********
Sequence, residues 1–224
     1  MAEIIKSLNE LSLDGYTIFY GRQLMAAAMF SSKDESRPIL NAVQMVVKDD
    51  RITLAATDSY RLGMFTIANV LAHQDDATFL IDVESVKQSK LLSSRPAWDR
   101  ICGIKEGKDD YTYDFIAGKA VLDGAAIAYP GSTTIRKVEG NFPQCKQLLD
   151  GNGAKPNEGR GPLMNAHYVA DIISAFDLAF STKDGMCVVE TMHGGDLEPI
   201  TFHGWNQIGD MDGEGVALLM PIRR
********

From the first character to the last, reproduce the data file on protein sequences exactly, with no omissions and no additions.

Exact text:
Sequence, residues 1–224
     1  MAEIIKSLNE LSLDGYTIFY GRQLMAAAMF SSKDESRPIL NAVQMVVKDD
    51  RITLAATDSY RLGMFTIANV LAHQDDATFL IDVESVKQSK LLSSRPAWDR
   101  ICGIKEGKDD YTYDFIAGKA VLDGAAIAYP GSTTIRKVEG NFPQCKQLLD
   151  GNGAKPNEGR GPLMNAHYVA DIISAFDLAF STKDGMCVVE TMHGGDLEPI
   201  TFHGWNQIGD MDGEGVALLM PIRR